Media Coverage for Women's Sport
Julie Conner has only directly experienced girls basketball governed by the same rules as boys. In her eyes, though, the game has gone through enormous changes from her high school days in uniform as a Lady Devil to coaching them.
Hoops are a passion for her. She coached for high schools in Florida before taking the ABAC job in 2000 when their women’s program restarted. When a chance to coach her alma mater opened in 2008, she jumped at the chance.
She got her basketball love honestly. Dad Johnny Rutland coached the hardwood Devils while her mother, Freida Zipperer Rutland played for a pair of Lowndes County squads. She started off as a Lowndes County Golden Eaglette, then became a Vikette when Hahira High closed as the school’s name simplified to Lowndes.
Freida Rutland remembered having to adjust not only to each team, but to each team’s court. “Some schools had smaller floors,” she said. Those included courts originally purposed as proper auditorium stages, such as in Lanier County and the one in her hometown of Naylor. “On each end(line) was a wall.”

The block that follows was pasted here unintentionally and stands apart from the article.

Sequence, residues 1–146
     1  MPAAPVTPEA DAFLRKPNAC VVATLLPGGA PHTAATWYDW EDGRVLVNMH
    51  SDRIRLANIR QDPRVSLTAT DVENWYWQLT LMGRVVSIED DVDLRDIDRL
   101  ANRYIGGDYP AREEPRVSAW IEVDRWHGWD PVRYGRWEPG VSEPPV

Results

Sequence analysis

The floors Conner saw as a player and coach were uniform, all regulation size. The uniforms were not. “We had long shorts,” she said. Jersey tops were also in variation. Some schools during her playing days still hung on to a semblance of sleeves, a staple of modest girls uniforms. The size of the ball changed, too, she said, to a smaller size.
The last hinges of inequality are disappearing. Long thought unladylike — the intramural Chatham County school league was set up as a “wholesome” alternative — hard play is now a virtue.
“Girls are so much more aggressive,” Conner said. “Overall the aggressiveness [has changed]. It’s not frowned upon.”
And coaches are ready for it. Dona Fields had much praise for the coaches from her era, but Conner believes they have gotten even better, even tougher.
“There are are some great coaches. All the teams are going to be prepared. Coaches are more knowledgeable.” She said that all coaches are constantly going to clinics now to be on the cutting edge of strategy.
After finishing her Tift County hoops career, Conner next suited up for Georgia College after earning a scholarship, a relative rarity as programs were still developing. She said it was quite a contrast now as “all my girls think they can get scholarships. That orange ball can get you a college education.”
The opportunities continue to grow, and not just from college. Camps are increasing. The Lady Devils recently attended one out of state and another at Pelham (“a good little day of basketball”). Not just the high school players are benefiting, either. Conner remembers her first camp being in seventh grade. “Now they’re going at three and four years old.” Her camp, which had sessions earlier this month and picks up again July 15, is open to students from Pre K through sixth grade.
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